Long Beach, News

Long Beach City Council to discuss affordable housing recommendations

The Long Beach City Council is set to hear recommendations from the Mayor’s Affordable Housing Study Session at its upcoming meeting May 2.

At a February meeting, the council moved to conduct a study regarding the lack of housing available for low-income residents within the city, including the downtown area, which has been affected largely by a plan to influence the creation of such units.

According to Housing Long Beach, an advocacy group, the federal government defines affordable housing as housing that costs no more than 30 percent of an individual’s income.  

“The Downtown Plan, which included 5,000 market rate units, did not include a single unit of affordable housing,” Second District Councilmember Jeannine Pearce said in a February email blast to constituents. “Our downtown residents were directly displaced as a result, and our moderate income residents are now feeling the impacts as well.”

The plan, adopted by the city council in 2012, provides a framework and regulations for economic development in the areas roughly enclosed within Ocean, Alamitos and Anaheim Boulevards.

Julia Gould, a legislative deputy to Pearce, said that while there has been criticism of the plan, it can’t be labeled good or bad as a whole.

“Generally, what our opinion is, is that more development and more businesses and more units into Long Beach is generally a good thing for people,” she said. “But, it shouldn’t come at the cost of those who are already living here.”

Gould said that when the study session makes its recommendations to city council Wednesday, her office will be looking into ways to increase local revenue sources for affordable housing.

One option, she said, is a fee for certain documents that have to be recorded with the city.

Another idea is to have an inclusionary housing fee for developers. When a developer begins construction, a certain number of the units have to be available under a certain income level either on site or off site. If a developer wants to forgo building the affordable units, an annual fee per unit would be paid.

The revenue from these fees would go to the city’s housing fund to increase the number of units available for low-income residents around the city.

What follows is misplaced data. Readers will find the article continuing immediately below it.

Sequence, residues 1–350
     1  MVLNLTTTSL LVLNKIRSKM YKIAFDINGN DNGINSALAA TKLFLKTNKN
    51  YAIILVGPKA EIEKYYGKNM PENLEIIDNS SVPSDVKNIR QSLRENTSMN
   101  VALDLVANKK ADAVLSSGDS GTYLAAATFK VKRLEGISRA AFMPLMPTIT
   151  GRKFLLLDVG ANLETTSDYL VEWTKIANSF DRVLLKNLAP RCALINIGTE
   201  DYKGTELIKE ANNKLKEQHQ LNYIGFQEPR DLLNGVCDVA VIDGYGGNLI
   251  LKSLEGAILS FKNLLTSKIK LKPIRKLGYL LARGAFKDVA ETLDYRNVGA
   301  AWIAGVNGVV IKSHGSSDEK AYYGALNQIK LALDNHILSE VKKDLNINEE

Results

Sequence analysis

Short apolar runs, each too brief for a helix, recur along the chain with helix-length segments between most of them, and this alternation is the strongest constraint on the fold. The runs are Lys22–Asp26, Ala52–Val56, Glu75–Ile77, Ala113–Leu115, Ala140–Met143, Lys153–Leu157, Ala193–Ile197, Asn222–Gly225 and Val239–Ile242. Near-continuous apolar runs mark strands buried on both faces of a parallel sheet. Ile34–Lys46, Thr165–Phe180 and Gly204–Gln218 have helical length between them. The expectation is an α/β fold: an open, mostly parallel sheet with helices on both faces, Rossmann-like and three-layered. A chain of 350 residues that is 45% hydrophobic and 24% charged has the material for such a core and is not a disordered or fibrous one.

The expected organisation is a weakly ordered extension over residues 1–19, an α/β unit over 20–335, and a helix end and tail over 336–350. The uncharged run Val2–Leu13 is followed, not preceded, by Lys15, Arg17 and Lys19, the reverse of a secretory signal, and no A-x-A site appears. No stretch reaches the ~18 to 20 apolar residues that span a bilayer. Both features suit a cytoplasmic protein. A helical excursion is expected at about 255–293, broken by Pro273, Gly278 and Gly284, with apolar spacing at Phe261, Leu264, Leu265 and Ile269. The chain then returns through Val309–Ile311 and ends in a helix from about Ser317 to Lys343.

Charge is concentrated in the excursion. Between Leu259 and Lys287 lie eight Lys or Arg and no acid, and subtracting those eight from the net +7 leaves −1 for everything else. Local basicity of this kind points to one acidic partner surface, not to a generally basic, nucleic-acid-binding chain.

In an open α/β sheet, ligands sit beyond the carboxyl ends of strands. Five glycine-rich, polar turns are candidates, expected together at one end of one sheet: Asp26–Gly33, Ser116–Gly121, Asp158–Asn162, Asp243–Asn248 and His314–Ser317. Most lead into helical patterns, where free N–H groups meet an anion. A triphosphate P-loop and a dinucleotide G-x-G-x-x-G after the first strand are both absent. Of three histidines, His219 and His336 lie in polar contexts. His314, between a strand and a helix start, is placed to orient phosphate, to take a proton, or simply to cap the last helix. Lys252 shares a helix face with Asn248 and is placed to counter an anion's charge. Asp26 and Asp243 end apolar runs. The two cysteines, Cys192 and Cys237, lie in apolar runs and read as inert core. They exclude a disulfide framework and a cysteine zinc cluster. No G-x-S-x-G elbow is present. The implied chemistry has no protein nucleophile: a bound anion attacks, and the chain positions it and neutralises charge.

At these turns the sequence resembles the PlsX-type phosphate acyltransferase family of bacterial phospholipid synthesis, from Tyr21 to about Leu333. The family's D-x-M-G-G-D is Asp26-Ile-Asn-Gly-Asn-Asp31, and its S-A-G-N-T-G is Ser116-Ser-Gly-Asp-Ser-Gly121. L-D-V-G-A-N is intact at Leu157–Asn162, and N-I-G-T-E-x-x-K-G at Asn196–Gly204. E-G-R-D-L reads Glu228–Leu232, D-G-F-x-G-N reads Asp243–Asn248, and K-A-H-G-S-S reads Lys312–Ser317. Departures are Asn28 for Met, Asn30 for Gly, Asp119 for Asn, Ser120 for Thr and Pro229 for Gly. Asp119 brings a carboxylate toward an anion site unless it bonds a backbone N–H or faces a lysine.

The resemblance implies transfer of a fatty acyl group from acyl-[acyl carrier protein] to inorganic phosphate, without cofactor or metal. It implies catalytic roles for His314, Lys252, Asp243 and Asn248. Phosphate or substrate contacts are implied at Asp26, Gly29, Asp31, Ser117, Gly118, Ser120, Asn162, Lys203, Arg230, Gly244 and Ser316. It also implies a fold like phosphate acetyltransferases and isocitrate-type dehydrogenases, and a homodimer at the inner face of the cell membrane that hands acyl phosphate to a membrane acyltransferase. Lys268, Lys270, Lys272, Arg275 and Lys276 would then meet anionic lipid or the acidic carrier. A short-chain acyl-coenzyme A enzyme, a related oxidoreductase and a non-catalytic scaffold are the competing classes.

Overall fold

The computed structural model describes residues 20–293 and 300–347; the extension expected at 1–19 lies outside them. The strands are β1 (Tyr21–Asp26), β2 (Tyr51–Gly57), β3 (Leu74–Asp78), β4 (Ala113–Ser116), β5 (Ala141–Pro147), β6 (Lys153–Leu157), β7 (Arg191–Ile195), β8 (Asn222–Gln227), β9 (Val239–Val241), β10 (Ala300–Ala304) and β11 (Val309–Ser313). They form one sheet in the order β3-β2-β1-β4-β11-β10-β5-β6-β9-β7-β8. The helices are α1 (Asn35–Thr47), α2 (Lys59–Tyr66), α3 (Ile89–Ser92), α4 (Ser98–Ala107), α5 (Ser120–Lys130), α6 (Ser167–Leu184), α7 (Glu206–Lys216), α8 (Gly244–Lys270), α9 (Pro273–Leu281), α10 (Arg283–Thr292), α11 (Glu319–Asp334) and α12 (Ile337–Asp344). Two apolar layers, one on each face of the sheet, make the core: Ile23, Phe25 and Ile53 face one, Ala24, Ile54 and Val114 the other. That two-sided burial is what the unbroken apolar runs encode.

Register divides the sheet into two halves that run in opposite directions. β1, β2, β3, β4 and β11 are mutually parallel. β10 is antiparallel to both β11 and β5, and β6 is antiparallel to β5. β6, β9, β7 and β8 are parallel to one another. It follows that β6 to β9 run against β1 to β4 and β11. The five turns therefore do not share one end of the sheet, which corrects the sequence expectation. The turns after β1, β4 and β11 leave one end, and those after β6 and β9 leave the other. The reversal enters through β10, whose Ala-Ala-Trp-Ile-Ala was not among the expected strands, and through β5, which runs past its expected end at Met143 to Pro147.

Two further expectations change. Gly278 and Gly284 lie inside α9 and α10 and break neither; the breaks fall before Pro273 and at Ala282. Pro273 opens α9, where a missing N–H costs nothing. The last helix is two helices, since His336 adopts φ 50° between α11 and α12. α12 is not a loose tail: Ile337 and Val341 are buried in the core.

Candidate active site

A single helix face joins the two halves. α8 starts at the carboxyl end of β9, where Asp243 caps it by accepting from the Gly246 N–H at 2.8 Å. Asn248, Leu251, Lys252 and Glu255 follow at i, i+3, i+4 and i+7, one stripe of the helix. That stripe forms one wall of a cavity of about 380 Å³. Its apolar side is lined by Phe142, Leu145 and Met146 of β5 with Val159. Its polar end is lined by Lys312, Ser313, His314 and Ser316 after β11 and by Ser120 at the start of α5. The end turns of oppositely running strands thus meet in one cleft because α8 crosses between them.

“Those are just some options we’re looking at,” Gould said. “We’re also looking at units that we do have on the market that are currently affordable, that those aren’t being taken off the market via short term rentals, for example.”

Pearce’s office has also asked city council to study the effects of short-term housing rentals, such as Airbnb, on the housing market. The city council has been asked to look at how other cities have regulated the short-term rental market to make sure that big units aren’t being turned into “permanent hotels.”

Some options to consider, Gould said, is to max out the number of days a unit can be rented out to 90 days per year.

“The idea around that is, let’s say you’re a teacher and you go out of town for three months a year, we understand you have a vacant apartment and you want to rent it out for a vacation rental, you should be able to do that,” she said. “But what we don’t want is somebody getting into six months, nine months per year to rent out their unit, because at that point that’s a unit that could be on the market and could be rented out to a Long Beach resident instead of being used as a tourist accommodation.”

Currently, only 2 percent of units are available for rent in Long Beach, Pearce told a crowd Tuesday night during an Arts Council Open Discussion. Pearce said that nationally, the average is 8 percent.

Another possibility is to enact a transient occupancy tax, a type of tax hotels pay, which would act as a sales tax that would depend on the price per night and how many nights a person stays.

The majority of revenue from such a tax would also be allotted to the housing fund.

“There has to be a balance between economic growth, economic development and quality of life and to make sure that when we increase investment and increase jobs, that that that prosperity is shared across everybody who lives in Long Beach, not just for some people and not just for the people who are moving here,” Gould said.

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